Drs. Brian Andres and Ji Qiang (2006) reported on the second specimen ever discovered of the lower Cretaceous ornithocheirid pterosaur, Istiodactylus. The holotype came from the Isle of Wight in England. The smaller Andres and Qiang (2006) specimen was discovered in China. Among the smaller hand elements, only distal metacarpal 4 is known from the English holotype. Thankfully the Chinese specimen preserves two virtually complete sets of metacarpals and fingers.
Andres and Qiang (2006) reported that only metacarpals 1 and 4 articulated with the carpus. In their view metacarpals 2 and 3 tapered to small points less than halfway toward the carpus. Andres and Qiang (2006) were able to identify the 6 unguals, but only 5 penultimate phalanges. Among the six proximal phalanges typically found in digits 2 and 3 only a single m2.1 was identified.
Like all tetrapods, in pterosaurs metacarpals 1-4 were aligned side by side. The only difference is metacarpal 4 rotated posteriorly for wing folding (Peters 2002). Thus metacarpal 3 is between mc2 and mc4. Whenever pterosaur metacarpals do not all reach the carpus (as in Pteranodon), metacarpal 3 is always the longest. The other two metacarpals stack anteriorly 4 > 3 > 2 > 1. Thus the only slender metacarpal that reached the carpus in Istiodactylus sinensis was mc3. It was misidentified as mc1 by Andres and Qiang (2006) probably because associated digits had only one non-ungual phalanx (see below), which is VERY unusual!
Both metacarpals 1 were preserved at mid-metacarpus, but no sister taxa share this trait. All other ornithocheirds extend metacarpals 1-3 to the carpus where these elements are known. Thus the displacements were due to taphonomy.
No Other Pterosaur Demonstrates Manual Phalanx Fusion
Because only one non-ungual phalanx can be identified in digits 2 and 3, evidently the three non-ungual phalanges of digit 3 had fused together. The two non-ungual phalanges of digit 2 had also fused together. The fragment previously identified as m2.1 was actually part of the otherwise missing phalanx of digit 3. Since the non-ungual phalanges had become fused in digits 2 and 3 and thus had become nearly identical to digit 1, matching of the distinct ungual shapes made possible the identification of the digits. Manual 1.1 was also more gracile than the others. This is the only pterosaur known in which the phalangeal formula is 2-2-2 for the first three fingers.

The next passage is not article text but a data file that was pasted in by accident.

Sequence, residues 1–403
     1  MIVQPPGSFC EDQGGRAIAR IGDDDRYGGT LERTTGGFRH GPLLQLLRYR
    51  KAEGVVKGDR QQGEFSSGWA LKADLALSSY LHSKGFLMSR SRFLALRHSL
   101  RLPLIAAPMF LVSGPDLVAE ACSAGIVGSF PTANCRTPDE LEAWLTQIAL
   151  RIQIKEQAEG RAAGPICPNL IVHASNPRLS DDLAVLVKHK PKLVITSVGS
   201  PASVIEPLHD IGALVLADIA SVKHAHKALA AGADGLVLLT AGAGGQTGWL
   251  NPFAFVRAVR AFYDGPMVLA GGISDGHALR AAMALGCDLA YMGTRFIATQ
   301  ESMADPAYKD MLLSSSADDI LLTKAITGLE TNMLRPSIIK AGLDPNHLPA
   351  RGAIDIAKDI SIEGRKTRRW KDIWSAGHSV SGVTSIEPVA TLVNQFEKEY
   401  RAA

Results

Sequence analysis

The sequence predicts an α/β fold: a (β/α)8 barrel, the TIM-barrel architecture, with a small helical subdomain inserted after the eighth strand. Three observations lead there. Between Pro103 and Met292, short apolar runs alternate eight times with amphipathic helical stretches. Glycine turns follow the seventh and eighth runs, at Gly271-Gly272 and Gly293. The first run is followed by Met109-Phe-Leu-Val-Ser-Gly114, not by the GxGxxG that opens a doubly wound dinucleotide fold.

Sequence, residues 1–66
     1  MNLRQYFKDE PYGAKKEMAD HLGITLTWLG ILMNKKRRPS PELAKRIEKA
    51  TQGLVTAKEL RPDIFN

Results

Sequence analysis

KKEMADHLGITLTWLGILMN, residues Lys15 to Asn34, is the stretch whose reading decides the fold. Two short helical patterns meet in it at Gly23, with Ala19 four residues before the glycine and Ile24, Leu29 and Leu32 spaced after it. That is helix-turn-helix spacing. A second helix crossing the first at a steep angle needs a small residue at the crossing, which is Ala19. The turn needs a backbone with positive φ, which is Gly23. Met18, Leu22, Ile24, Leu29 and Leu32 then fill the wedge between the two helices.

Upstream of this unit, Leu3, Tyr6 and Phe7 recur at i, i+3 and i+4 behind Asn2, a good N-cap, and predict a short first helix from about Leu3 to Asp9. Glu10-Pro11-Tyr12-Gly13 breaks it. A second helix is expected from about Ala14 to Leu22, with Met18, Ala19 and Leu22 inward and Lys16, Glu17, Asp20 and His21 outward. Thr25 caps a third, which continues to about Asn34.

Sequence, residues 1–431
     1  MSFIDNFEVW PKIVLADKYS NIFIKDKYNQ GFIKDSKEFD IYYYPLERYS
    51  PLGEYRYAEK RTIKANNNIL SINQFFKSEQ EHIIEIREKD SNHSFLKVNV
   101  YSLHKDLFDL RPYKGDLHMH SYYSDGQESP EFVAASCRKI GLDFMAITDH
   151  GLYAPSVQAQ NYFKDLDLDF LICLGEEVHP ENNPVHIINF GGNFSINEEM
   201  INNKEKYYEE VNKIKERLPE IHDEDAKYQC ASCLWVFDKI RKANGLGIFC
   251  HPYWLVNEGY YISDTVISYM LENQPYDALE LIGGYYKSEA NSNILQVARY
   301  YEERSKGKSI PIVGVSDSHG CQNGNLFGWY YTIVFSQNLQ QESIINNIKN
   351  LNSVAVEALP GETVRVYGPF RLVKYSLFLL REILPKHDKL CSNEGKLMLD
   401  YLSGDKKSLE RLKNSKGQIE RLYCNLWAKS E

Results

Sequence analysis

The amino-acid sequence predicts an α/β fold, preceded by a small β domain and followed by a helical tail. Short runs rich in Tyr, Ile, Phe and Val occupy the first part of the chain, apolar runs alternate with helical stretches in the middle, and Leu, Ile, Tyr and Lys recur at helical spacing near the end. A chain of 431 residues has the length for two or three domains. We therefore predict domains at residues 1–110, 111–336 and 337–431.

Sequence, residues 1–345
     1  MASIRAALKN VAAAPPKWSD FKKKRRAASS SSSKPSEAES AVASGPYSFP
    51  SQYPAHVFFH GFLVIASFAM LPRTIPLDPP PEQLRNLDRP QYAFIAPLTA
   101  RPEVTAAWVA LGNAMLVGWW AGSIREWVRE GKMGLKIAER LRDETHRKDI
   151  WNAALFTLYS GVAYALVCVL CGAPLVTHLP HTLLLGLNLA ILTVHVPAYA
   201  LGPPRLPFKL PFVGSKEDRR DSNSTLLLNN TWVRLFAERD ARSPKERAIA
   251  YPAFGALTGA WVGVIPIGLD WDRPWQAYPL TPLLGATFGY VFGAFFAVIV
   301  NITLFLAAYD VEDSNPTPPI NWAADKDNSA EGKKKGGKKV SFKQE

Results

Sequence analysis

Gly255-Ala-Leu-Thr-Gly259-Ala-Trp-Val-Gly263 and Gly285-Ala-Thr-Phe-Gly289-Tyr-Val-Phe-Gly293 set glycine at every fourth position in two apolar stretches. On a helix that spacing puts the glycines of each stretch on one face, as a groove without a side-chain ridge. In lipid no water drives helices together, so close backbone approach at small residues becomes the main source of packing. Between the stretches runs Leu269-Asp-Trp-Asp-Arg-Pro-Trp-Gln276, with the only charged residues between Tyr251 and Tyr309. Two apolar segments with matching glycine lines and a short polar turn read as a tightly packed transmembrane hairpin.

A reconstruction of the Istiodactylus sinensis manus (Fig. 1) shifts all metacarpals to terminate in a distal line. Metacarpal 3 reaches the carpus. Metacarpals 1 and 2 stack anteriorly. The fingers, each composed of two phalanges (including the ungual), were subequal in length so the PILs (parallel interphalangeal lines, Peters 2000) were simple and aligned.
There’s even a disarticulated vestigial digit 5 here (Fig. 2). More examples of the vestige here. It’s easily overlooked, especially when disarticulated.
Most ornithocheirids have digits 2 and 3 subequal with digit 1 shorter. In most ornithocheirids all five metacarpals reach the carpus. No other ornithocheirids fuse the proximal phalanges in digits 2 and 3. Only in Coloborhynchus, a sister to Istiodactylus, does digit 1 equal digit 2 and digit 3 in length. Nurhachius is a closer sister that does not have a subequal digit 1 and all four metacarpals presumeably reach the carpus because metacarpal 1 reaches the carpus while 2 and 3 are largely hidden beneath 4. Thus the misidentification of elements by Andres and Ji (2006) was reasonable, but stands corrected here.
As always, I encourage readers to see specimens, make observations and come to your own conclusions. Test. Test. And test again.
Evidence and support in the form of nexus, pdf and jpeg files will be sent to all who request additional data.
Andres B and Ji Q 2006. A new species of Istiodactylus (Pterosauria, Pterodactyloidea) from the Lower Cretaceous of Liaoning, China. Journal of Vertebrate Paleontology, 26: 70-78.
Peters D 2000. Description and Interpretation of Interphalangeal Lines in Tetrapods. Ichnos 7:11-41.
Peters D 2002. A New Model for the Evolution of the Pterosaur Wing – with a twist. – Historical Biology 15: 277–301.